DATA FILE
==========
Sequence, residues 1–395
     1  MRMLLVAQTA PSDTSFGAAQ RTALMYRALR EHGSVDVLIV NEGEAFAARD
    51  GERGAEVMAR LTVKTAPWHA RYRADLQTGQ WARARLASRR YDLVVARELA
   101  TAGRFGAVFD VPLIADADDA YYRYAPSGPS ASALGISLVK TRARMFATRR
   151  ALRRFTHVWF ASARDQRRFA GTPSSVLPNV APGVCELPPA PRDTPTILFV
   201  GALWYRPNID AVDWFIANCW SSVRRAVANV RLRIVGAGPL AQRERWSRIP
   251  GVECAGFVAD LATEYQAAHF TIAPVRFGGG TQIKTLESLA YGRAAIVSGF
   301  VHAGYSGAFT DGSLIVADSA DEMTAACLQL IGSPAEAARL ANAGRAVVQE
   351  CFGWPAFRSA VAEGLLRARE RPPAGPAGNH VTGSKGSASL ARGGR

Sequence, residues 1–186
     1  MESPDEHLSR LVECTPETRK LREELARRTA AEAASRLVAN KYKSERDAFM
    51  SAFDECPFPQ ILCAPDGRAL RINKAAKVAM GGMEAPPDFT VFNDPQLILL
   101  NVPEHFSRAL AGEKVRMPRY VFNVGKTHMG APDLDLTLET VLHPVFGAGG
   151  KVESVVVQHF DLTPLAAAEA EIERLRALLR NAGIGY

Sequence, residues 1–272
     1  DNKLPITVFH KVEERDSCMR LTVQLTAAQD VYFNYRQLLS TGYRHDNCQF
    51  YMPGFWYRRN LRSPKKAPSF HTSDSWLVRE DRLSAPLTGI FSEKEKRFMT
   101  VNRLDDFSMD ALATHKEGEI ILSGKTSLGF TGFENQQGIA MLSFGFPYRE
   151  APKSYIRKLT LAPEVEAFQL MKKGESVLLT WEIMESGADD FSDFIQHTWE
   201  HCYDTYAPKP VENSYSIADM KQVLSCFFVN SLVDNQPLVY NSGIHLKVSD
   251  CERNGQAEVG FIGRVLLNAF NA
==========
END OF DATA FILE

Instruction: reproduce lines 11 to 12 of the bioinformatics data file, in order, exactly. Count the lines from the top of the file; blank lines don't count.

     1  MESPDEHLSR LVECTPETRK LREELARRTA AEAASRLVAN KYKSERDAFM
    51  SAFDECPFPQ ILCAPDGRAL RINKAAKVAM GGMEAPPDFT VFNDPQLILL